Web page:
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. 2018 Mar 29;131(13):1442-1455.
doi: 10.1182/blood-2017-12-820852. Epub 2018 Jan 11.

Interleukin-18 Diagnostically Distinguishes and Pathogenically Promotes Human and Murine Macrophage Activation Syndrome

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Free PMC article

Interleukin-18 Diagnostically Distinguishes and Pathogenically Promotes Human and Murine Macrophage Activation Syndrome

Eric S Weiss et al. Blood. .
Free PMC article

Abstract

Hemophagocytic lymphohistiocytosis (HLH) and macrophage activation syndrome (MAS) are life-threatening hyperferritinemic systemic inflammatory disorders. Although profound cytotoxic impairment causes familial HLH (fHLH), the mechanisms driving non-fHLH and MAS are largely unknown. MAS occurs in patients with suspected rheumatic disease, but the mechanistic basis for its distinction is unclear. Recently, a syndrome of recurrent MAS with infantile enterocolitis caused by NLRC4 inflammasome hyperactivity highlighted the potential importance of interleukin-18 (IL-18). We tested this association in hyperferritinemic and autoinflammatory patients and found a dramatic correlation of MAS risk with chronic (sometimes lifelong) elevation of mature IL-18, particularly with IL-18 unbound by IL-18 binding protein, or free IL-18. In a mouse engineered to carry a disease-causing germ line NLRC4T337S mutation, we observed inflammasome-dependent, chronic IL-18 elevation. Surprisingly, this NLRC4T337S-induced systemic IL-18 elevation derived entirely from intestinal epithelia. NLRC4T337S intestines were histologically normal but showed increased epithelial turnover and upregulation of interferon-γ-induced genes. Assessing cellular and tissue expression, classical inflammasome components such as Il1b, Nlrp3, and Mefv predominated in neutrophils, whereas Nlrc4 and Il18 were distinctly epithelial. Demonstrating the importance of free IL-18, Il18 transgenic mice exhibited free IL-18 elevation and more severe experimental MAS. NLRC4T337S mice, whose free IL-18 levels were normal, did not. Thus, we describe a unique connection between MAS risk and chronic IL-18, identify epithelial inflammasome hyperactivity as a potential source, and demonstrate the pathogenicity of free IL-18. These data suggest an IL-18-driven pathway, complementary to the cytotoxic impairment of fHLH, with potential as a distinguishing biomarker and therapeutic target in MAS.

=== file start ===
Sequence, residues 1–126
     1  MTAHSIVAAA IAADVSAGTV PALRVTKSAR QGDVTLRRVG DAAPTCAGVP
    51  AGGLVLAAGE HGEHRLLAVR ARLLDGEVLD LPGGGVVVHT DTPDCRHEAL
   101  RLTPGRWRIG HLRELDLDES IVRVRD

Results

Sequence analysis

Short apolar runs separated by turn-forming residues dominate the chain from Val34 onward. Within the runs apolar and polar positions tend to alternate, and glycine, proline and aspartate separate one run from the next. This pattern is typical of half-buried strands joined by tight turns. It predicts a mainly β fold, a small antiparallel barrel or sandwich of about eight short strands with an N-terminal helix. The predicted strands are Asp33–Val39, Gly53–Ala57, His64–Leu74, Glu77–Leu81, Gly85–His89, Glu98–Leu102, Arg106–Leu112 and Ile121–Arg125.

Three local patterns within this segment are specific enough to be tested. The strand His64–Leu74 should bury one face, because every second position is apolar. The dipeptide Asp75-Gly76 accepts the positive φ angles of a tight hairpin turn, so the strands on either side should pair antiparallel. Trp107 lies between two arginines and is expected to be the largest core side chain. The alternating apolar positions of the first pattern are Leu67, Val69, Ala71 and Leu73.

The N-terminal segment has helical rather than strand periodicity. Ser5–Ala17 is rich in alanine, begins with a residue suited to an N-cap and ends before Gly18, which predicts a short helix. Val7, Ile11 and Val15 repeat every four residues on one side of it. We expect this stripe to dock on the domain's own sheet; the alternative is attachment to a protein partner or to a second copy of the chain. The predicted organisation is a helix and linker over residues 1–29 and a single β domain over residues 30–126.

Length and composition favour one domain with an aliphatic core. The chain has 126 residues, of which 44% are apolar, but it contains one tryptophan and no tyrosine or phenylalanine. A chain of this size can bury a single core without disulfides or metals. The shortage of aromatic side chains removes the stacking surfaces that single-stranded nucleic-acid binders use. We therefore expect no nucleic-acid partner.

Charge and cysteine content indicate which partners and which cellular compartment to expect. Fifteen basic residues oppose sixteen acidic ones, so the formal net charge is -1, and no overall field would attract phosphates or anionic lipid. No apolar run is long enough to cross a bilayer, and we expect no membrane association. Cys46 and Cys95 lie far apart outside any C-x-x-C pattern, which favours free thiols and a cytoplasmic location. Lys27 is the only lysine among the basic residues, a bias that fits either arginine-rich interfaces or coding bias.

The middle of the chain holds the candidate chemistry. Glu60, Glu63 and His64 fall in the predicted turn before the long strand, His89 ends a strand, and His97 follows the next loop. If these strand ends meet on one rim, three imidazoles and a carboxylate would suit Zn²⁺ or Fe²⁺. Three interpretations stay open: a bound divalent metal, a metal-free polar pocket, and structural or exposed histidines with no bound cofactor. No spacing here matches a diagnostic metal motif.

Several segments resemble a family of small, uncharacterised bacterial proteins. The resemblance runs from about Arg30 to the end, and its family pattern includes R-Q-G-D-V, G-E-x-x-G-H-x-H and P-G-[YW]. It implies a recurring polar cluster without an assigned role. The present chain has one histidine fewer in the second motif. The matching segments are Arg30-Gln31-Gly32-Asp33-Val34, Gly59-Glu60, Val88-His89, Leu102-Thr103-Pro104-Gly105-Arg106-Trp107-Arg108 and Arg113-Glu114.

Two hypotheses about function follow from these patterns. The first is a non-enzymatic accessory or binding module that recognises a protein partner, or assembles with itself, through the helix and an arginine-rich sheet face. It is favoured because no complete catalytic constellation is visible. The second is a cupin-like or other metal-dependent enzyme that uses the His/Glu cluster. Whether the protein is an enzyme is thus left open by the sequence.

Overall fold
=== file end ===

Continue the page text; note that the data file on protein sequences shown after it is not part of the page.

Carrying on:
Conflict of interest statement

Conflict-of-interest disclosure: AB2Bio, Ltd., holds exclusive rights to the human free IL-18 assay. E.J.S. is an employee of AB2Bio, Ltd. S.W.C. and C.G. are consultants for AB2Bio, Ltd. The remaining authors declare no competing financial interests.

Figures

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Figure 1.
Figure 1.